How Do Dogs Sweat?
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Sometimes we may ask ourselves how do dogs sweat?. Dogs are very active animals, who like trotting and moving about as they carry out their daily walks.
Logically, such activity should dissipate the heat accumulated in the canine body through sweat. However, dogs lack sweat glands in the skin and so they do not sweat like humans or other animals (horses, for example) do.
For all this, in this AnimalWised article we respond with necessary information to answer your question: how do dogs sweat? Find out!
For dogs the main way of sweating is through the pads of their feet.
Dogs have virtually no sweat glands in the dermis of their body. Therefore they hardly sweat through there. However, these glands do accumulate in the pads of their feet. For this reason the dog leaves wet foot prints on the floor when walking on a very hot day or after doing a big effort.
The tongue is also an organ through which the dog can dissipate internal heat, which is the function of sweat on the human body (other than secreting body toxins). The canine tongue itself does not sweat as with their pads, but it does evaporate water which in turn cools the dog's body down.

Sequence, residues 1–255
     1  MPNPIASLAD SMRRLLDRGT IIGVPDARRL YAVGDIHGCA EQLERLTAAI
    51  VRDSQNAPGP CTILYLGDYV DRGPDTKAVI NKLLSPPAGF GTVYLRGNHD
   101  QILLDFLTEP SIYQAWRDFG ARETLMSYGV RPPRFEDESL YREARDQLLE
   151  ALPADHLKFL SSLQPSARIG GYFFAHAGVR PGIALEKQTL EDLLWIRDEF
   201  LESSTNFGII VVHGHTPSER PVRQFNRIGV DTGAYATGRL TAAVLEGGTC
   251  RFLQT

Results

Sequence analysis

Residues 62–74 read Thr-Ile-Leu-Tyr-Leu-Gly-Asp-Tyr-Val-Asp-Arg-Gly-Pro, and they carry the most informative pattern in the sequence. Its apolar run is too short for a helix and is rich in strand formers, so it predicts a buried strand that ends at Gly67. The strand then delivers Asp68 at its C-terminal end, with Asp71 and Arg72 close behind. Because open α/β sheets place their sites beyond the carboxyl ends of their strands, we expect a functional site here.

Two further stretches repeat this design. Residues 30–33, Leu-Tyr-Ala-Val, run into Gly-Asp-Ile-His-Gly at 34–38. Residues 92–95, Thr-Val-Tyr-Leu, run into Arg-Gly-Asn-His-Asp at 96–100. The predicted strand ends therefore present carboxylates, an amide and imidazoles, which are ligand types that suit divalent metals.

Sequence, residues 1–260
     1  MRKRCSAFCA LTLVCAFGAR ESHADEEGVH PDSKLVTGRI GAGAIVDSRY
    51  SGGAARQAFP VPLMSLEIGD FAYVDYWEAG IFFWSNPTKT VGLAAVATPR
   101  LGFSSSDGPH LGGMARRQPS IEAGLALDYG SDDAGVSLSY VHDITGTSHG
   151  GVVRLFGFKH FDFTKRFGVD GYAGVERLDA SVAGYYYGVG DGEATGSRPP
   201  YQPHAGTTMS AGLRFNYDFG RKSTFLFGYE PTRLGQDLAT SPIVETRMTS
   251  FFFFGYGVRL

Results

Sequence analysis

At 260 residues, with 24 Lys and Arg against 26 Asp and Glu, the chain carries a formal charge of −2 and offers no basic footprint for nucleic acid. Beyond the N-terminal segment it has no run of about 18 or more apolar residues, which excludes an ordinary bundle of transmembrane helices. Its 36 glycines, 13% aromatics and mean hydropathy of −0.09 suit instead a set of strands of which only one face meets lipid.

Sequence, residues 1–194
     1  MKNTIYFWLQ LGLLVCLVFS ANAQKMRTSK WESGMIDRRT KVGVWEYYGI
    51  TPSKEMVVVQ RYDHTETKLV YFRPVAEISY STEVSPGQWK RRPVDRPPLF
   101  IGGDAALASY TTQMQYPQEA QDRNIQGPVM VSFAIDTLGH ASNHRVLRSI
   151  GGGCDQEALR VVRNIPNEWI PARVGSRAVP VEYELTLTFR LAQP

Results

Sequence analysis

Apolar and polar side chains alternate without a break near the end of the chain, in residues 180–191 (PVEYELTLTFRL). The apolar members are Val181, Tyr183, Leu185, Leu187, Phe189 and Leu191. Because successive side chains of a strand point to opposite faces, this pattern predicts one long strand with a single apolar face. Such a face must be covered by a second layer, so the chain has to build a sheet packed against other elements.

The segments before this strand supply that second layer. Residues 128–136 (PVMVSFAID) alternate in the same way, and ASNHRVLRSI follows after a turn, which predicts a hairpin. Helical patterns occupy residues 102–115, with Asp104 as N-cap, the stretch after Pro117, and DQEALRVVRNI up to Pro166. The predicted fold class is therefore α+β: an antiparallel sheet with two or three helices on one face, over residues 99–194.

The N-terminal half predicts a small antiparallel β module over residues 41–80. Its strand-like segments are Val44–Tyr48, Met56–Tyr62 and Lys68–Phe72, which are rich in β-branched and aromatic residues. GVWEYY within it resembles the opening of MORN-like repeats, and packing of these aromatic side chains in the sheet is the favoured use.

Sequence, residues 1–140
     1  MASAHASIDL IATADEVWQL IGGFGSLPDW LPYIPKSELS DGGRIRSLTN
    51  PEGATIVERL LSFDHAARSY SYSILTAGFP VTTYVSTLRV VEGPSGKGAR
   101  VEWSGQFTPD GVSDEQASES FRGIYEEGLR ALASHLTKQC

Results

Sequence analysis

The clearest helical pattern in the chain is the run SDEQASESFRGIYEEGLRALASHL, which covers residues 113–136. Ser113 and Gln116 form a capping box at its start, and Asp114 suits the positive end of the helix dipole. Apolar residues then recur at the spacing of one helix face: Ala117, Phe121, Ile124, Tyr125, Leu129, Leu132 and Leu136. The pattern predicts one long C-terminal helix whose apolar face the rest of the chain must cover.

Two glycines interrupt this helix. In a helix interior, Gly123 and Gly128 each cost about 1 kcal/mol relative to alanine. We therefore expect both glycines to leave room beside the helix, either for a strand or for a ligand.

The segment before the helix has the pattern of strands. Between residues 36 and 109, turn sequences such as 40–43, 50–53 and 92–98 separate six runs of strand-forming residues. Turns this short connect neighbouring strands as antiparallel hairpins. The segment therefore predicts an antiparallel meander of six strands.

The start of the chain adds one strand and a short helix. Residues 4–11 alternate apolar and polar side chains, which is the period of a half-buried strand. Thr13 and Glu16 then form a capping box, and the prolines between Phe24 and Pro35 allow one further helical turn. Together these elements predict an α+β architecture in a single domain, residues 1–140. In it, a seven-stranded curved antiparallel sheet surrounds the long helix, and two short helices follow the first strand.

When it is hot or after exercise the dog's body increases its body temperature, which sends a large flow of blood to the tongue and so the salivary glands produce abundant moisture which cools the dog when drooling out of its mouth with its tongue, thus sweating through its breath.
It is the combination of the panting and the tongue which constitutes a part of the canine thermoregulatory system. Canine body temperature is in the range of 38 ° C to 39 °C.
Do not forget that panting is very important for dogs, for this reason if you have a potentially dangerous dog that needs a muzzle remember to use the basket type muzzle, which is further described in our article about the best muzzles for dogs.
The canine thermoregulatory system is less efficient than the human one and is more complex. The fact that they have all their body covered in hair explains the small number of sweat glands in the dog's torso. If they had their body covered with a sweat glad layout similar to that of humans sweat would seep through the fur making it wet and failing to cool the dog. It is the same phenomenon that happens to us humans who are not bald, when we sweat our hair gets wet with the sweat and we do not feel comfortable with a damp and hot head.
The face and ears also collaborate in the dog's cooling. Especially with respect to the brain. When noticing temperature increases they receive the brain order that facial veins will dilate and expand to better irrigate the ears, face and head in order to reduce excessive temperature.
Large dogs are less efficient than small ones at cooling. Sometimes they are not able to expel all the heat generated by their body. However, small dogs are less tolerant of natural heat.
There are some dog breeds that are free of fur on the body. These types of dogs sweat, as they have sweat glands in their body. One of these hairless breeds is the Xoloitzcuintle dog. This breed is from Mexico and is also known as the Mexican Hairless Dog. It is a very pure and ancient breed.
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